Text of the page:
Newspaper article The Evening Standard (London, England)

Nice Bit of Skirt; Hemlines Are Up for Men This Season. the V&A Is Devoting an Exhibition to Men in Skirts and the Catwalks Are Awash with Them, Reports Dan Cairns

Newspaper article The Evening Standard (London, England)

Nice Bit of Skirt; Hemlines Are Up for Men This Season. the V&A Is Devoting an Exhibition to Men in Skirts and the Catwalks Are Awash with Them, Reports Dan Cairns

Article excerpt

Byline: DAN CAIRNS

A WOMAN must not wear men's clothing, nor a man wear women's clothing, for the Lord your God detests anyone who does this." Heaven knows what the Old Testament scribe who penned this statement in Deuteronomy would make of a forthcoming exhibition at the V&A devoted to men in skirts.

The museum's fashion and textile department has assembled work by a veritable A-list of designers, including Paul Smith, Yohji Yamamoto, Vivienne Westwood and, of course, Jean Paul Gaultier.

Collectively, the fashion on display will once again pose the old question, asked of blokes as illustrious as the "dancing Marquis" of Anglesey (who blew his inheritance on jewels and cross-dressing), and as artless (or daft) as the sarong-sporting David Beckham: should men wear skirts?

"Yes," says the fashion historian Colin McDowell, author of A Man of Fashion, firmly.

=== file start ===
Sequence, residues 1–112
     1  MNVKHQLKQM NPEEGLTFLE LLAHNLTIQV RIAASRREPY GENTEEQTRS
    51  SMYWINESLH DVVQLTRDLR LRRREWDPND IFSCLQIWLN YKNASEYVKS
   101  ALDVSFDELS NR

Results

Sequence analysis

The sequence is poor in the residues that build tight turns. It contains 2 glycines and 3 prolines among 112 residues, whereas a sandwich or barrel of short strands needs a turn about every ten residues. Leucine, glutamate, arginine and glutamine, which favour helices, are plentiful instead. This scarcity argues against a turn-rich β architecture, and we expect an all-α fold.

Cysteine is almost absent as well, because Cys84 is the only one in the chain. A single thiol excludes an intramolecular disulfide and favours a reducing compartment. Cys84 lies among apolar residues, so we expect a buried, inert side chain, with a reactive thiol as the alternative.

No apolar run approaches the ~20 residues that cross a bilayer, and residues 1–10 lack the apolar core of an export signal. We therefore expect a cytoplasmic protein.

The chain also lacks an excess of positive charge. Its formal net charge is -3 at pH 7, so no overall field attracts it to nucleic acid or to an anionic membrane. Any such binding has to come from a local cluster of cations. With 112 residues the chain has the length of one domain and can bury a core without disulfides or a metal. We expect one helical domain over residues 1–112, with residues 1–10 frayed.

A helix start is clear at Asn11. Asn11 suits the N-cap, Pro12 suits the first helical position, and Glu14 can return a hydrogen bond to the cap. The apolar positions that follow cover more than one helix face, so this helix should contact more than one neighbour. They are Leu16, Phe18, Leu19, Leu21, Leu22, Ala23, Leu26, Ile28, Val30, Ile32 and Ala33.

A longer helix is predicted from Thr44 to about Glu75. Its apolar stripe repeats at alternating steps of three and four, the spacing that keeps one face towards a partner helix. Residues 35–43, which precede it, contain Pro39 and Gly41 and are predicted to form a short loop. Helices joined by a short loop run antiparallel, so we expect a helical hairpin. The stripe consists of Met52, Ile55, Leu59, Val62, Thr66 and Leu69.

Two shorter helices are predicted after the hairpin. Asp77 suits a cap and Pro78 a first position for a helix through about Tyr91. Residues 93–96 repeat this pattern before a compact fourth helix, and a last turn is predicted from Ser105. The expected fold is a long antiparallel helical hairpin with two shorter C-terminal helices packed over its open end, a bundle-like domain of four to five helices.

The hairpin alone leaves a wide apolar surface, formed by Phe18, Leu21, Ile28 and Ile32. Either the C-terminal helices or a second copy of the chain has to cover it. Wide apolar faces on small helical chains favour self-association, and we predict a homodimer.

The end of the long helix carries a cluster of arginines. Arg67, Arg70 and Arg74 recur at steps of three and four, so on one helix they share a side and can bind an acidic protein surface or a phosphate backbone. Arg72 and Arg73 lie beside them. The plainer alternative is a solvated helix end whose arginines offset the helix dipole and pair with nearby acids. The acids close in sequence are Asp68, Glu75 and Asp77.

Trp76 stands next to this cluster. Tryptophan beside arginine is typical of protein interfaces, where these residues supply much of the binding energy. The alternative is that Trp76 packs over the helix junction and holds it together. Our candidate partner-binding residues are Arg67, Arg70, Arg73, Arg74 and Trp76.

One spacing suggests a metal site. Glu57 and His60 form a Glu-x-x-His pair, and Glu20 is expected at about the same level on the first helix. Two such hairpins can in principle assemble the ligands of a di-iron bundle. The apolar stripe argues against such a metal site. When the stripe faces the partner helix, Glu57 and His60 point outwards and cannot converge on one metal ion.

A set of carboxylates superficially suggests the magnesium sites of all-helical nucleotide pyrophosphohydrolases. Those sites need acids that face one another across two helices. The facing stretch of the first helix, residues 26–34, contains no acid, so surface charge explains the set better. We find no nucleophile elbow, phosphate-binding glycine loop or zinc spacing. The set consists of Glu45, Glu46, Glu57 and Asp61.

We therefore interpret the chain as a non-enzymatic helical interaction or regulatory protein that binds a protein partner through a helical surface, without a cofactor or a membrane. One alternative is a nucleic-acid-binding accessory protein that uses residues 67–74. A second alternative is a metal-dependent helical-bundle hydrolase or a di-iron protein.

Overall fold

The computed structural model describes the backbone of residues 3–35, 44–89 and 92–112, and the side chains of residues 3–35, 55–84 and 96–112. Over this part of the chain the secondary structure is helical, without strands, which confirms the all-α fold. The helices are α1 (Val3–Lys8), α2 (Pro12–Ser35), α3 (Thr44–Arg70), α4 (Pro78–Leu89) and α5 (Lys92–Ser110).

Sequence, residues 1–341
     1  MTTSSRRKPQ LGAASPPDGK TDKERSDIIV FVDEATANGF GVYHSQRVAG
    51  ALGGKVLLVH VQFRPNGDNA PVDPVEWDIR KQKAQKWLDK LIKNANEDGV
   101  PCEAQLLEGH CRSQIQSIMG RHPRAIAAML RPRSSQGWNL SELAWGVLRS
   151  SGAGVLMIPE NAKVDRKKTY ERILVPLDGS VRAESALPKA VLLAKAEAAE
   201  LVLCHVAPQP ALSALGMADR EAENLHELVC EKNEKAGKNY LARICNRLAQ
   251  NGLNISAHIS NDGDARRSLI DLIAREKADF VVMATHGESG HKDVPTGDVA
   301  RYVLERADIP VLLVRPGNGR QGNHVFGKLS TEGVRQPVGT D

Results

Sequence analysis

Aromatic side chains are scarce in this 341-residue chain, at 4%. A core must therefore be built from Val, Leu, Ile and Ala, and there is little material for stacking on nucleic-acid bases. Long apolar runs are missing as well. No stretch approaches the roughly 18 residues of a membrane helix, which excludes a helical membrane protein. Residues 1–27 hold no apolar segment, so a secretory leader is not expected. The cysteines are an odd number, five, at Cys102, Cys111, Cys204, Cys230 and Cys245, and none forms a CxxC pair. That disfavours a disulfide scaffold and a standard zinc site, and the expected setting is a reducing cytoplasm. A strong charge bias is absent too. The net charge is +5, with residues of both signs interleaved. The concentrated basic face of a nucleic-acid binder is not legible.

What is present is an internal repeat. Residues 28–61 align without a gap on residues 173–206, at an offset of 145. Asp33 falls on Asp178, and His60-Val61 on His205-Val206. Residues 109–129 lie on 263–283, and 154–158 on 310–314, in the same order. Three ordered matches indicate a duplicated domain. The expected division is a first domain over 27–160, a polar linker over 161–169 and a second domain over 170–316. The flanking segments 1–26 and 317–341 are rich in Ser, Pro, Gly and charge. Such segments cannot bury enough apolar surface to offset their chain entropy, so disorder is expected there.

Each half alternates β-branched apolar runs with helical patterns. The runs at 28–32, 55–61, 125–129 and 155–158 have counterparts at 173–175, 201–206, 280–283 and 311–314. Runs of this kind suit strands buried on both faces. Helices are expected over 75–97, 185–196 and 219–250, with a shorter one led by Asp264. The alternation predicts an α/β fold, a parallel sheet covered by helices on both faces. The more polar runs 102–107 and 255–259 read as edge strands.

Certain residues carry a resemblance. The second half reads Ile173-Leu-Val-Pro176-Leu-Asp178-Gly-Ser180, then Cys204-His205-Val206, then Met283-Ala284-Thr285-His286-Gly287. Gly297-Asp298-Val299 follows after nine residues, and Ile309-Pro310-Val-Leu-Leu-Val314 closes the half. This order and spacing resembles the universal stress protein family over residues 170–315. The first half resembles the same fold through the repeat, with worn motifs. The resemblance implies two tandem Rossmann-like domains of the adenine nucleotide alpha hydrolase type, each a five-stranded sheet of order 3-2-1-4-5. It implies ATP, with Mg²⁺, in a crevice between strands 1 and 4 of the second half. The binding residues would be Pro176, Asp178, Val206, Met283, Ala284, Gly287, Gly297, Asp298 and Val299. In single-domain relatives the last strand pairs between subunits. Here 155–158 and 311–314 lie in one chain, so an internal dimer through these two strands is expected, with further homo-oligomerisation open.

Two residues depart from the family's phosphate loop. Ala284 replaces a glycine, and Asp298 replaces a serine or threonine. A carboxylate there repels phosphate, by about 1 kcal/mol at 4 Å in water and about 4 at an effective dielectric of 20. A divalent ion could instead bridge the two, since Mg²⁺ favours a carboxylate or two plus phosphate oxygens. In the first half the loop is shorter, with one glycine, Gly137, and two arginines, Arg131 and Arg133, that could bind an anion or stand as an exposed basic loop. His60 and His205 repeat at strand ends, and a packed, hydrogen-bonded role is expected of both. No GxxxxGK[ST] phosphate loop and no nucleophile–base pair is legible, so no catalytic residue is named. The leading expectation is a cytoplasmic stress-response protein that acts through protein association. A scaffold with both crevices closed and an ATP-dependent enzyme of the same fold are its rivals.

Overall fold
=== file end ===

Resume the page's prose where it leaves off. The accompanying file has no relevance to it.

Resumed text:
"You only have to look at a highland soldier in a kilt; flat stomach, good legs. It's a marvellous look, yet very masculine." The people behind the International Male Fashion Freedom network, a website based in America, are even more adamant. "Men have spent the past 300 years losing their fashion freedom," their website shrieks. "We used to wear tights, cloaks, robes, togas, kilts and skirts. Women won their right to fashion freedom because they fought for it. Now is the time for men to do the same."

They have a point: after all, we spent centuries frolicking happily in doublet and hose. From the Merovingians, with their knee-length gonelles (tunics), to the minis favoured in Early Renaissance Florence (so skimpy, a codpiece was essential), to Charles II's above-the-knee Persian "vests", all freed their wearers from today's trouser-tyranny of restricted movement and poor ventilation.

Reason enough, you would think, for the male

skirt to be flying off the shelves. But McDowell has his doubts. "Firstly, that look was killed off because men discovered they could expose their legs - which was the whole point - in tight trousers. And the sort of man attracted now to a skirt tends to be the weedy, feminine type, which is the kiss of death. What we need are real men, big, butch builders, wearing them. …

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